For those who pertain to be students of the Theatre of the Absurd movement prevalent in the 1950s and 60s, there is nothing of value to you in this review. Reading further would simply be a pointless waste of your time. Though as the main focus of the movement is inevitable pointlessness – of life, death, and the 100 minutes that this particular night at the National Theatre has to offer – I am aware my advice may actually heighten their interest. Such a delightful irony if they find my words as insufferable as I found those of their respected Eugene Ionesco.
Dated, unnecessary, best to be avoided pretension.
Those who know and love this clique-like introspective style will be as excited as a lack of care allows them to be, by the news that one of the playwright’s pieces that isn’t Rhinoceros is having its debut at the National Theatre - only 56 years after being written and 55 since its last professional London staging (1963, Royal Court, Alec Guinness in the role of King). Reason enough to award 5 stars to Patrick Marber’s paceless direction. Five stars to Rhys Ifans’ failed attempts to add a third dimension to King Berenger. And five stars apiece to the largely unengaged individual performances given, in place if any idea of an ensemble.
And these awards may well be right.
I should state I have no knowledge of this style of theatre other than it meaning something really really clever. And that you have to be really really clever to get it. So as a Virgin of the Absurd (in so many ways), I possibly have no right to give an opinion on it. If this were playing at this year's 'Festival of Really Really Clever Theatre and Stuff that Will Bore the Trousers off Many’ then I may agree and pass my invitation to this made-up dreary Festival to one more intelligent than me.
But this is our National Theatre where anyone disappointed to not get a ticket for the now sold out deliciousness of The Lehman Trilogy downstairs may take a punt at the offer of the plenty tickets here. So it's unashamedly those eyes that I cast upon this and the positive is that I have found the answer to a previously raised assertion that "there are worse ways to spend 100 minutes this summer”.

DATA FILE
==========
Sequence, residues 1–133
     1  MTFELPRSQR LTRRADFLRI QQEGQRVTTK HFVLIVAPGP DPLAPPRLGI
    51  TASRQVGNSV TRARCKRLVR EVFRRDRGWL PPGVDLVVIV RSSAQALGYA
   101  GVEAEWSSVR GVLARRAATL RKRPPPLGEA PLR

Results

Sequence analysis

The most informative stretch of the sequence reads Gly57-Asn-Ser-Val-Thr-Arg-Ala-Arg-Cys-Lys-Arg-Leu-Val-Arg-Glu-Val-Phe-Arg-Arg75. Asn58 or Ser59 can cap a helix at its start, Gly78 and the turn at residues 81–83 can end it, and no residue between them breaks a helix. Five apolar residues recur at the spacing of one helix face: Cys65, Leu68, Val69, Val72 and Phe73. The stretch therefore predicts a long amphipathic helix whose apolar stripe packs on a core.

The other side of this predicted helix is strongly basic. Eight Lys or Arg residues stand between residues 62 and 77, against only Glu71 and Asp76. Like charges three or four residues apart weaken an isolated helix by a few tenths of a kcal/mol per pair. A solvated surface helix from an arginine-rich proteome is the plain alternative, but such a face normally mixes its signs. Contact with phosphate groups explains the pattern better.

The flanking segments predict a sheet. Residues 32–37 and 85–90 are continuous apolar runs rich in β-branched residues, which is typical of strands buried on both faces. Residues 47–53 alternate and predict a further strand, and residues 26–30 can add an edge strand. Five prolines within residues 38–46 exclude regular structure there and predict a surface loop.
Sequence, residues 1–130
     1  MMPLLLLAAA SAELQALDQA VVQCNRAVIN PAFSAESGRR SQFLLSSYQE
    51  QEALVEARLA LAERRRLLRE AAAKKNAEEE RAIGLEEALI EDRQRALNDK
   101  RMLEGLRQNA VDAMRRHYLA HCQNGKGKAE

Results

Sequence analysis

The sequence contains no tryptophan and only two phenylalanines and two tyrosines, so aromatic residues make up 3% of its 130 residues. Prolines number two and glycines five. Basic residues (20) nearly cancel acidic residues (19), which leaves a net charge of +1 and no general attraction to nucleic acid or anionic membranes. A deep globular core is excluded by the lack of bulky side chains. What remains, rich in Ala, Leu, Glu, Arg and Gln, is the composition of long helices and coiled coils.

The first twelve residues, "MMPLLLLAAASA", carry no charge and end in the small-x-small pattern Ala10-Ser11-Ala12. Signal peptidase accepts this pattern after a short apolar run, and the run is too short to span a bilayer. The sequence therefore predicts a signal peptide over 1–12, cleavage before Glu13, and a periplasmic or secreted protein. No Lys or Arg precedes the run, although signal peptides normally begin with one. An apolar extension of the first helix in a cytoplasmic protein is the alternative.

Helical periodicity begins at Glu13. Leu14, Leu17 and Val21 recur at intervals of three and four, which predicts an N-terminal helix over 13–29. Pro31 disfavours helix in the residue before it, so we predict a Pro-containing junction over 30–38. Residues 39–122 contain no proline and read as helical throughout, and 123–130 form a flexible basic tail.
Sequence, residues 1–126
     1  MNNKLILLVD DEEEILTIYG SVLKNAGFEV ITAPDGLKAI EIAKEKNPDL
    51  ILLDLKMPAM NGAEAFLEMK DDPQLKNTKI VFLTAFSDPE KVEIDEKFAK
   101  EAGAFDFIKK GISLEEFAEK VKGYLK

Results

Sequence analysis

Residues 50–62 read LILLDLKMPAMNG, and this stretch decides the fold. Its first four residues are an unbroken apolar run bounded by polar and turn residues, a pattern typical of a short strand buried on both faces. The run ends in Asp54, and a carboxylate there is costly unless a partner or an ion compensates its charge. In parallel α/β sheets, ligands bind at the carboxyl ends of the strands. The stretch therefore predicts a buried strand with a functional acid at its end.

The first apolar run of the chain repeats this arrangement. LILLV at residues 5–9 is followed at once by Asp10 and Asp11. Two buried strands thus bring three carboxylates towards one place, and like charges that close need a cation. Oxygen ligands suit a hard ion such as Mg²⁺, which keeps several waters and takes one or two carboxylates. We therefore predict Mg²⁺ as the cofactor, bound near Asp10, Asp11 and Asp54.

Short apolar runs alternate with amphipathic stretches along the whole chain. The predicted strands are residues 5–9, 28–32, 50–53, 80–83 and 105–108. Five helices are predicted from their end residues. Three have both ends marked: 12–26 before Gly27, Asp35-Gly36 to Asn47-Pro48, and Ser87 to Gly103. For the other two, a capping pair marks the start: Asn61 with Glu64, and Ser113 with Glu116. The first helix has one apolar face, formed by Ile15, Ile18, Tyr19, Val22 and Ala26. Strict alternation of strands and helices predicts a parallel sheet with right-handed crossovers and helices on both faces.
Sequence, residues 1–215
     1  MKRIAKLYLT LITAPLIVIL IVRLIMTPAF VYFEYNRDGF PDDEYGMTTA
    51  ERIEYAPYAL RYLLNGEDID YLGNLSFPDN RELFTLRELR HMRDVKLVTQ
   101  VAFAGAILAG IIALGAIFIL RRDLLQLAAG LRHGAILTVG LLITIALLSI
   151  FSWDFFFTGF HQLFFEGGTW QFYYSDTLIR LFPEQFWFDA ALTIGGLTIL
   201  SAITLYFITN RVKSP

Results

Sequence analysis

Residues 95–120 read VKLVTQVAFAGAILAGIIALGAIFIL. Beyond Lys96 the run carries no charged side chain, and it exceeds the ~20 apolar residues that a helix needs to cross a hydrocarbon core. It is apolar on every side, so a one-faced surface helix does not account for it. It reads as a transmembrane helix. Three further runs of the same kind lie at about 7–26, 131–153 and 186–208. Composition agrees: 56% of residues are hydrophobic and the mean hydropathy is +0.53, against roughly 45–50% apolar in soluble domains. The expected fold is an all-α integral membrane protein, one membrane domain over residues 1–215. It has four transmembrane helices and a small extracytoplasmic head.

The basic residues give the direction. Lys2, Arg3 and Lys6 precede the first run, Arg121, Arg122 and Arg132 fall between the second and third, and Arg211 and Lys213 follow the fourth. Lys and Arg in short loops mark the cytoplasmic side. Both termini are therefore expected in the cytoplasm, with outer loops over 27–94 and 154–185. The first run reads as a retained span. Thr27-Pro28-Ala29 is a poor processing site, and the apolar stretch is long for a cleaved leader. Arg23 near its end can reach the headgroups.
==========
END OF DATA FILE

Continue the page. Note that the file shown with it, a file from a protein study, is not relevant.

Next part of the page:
For the majority of the real time that unfolds, we are in what may well be the last room standing in both the castle and the kingdom of 483 year old King Berenger. Not even a fourth wall remains as Derek Griffiths’ Guard introduces us to each player with all the passion and depth one would expect from a first time reader of autocue.
The two Queens arrive, extreme in their opposing styles as to demonstrate the need for both heart and head in life. Indira Varma’s Queen Marguerite is all long black dress, high black hair, higher upturned nose and maintains a haughty disdain throughout for some unknown reason, whilst attempting a poetic delivery to her words that have no poetry to play with.
On the other side of the unsubtly shoed foot, Amy Morgan is either tearlessly crying, heartlessly giggling or drippingly gushing at the King as the younger Queen Marie so we know she is the one he fucks. And to add extra weight to her representation of love, she wraps it all in an oddly bad French accent that seems to have been learned from a five minute listen to 'Allo 'Allo. The overall effect recalls best buried memories of the ‘babes’ from The Benny Hill Show, given a couple of speaking lines and a tighter T-shirt as pretence of being a character rather than the butt of what we now call appalling sexism.
Completing the rather scant Court of the King are Adrian Scarborough’s Doctor cum Astronomer – who seems at home with a double entendre, hidden meaning and a possible back story that never goes anywhere. And Nurse / Lady in Waiting / Cleaner, Juliette – who Debra Gillett just has a ball with, face adorned with zombie white panstick, she never misses a chance for a pratfall in this Mrs Overall homage.
Together they set out make the King accept his time to die is coming in 68 minutes. Then 58 minutes. 30 – it’s like watching the ticking hands of a clock that seem to go slower and slower with every tock. He doesn’t want to. Then he accepts his fate. Then changes his mind. Then… well anyway he eventually dies. All too slowly. Over a seemingly endless dirge delivered with waving arms aplenty by Queen Margeurite whose end of every sentence I wanted to punctuate with applause in vain hope it was the final word.
And that is it. That’s the point. A quick glance at Wiki shows this seems a fair representation of the Theatre of the Absurd’s focus on the pointless inevitability of our empty lives and deaths. To that end, it may make a great subject for the final paper for the Engish Lit BA student and be the stuff of wet dreams for those who believe theatre to be better the more exclusive a club it remains.
I accept the sneers of these people for my lack of understanding or appreciation for the form but I care little. For everyone else, the only absurdity here is if you still wish to waste your money and time watching what should be best left locked in a library. On a 2018 stage it is simply dated, unnecessary, best to be avoided pretension.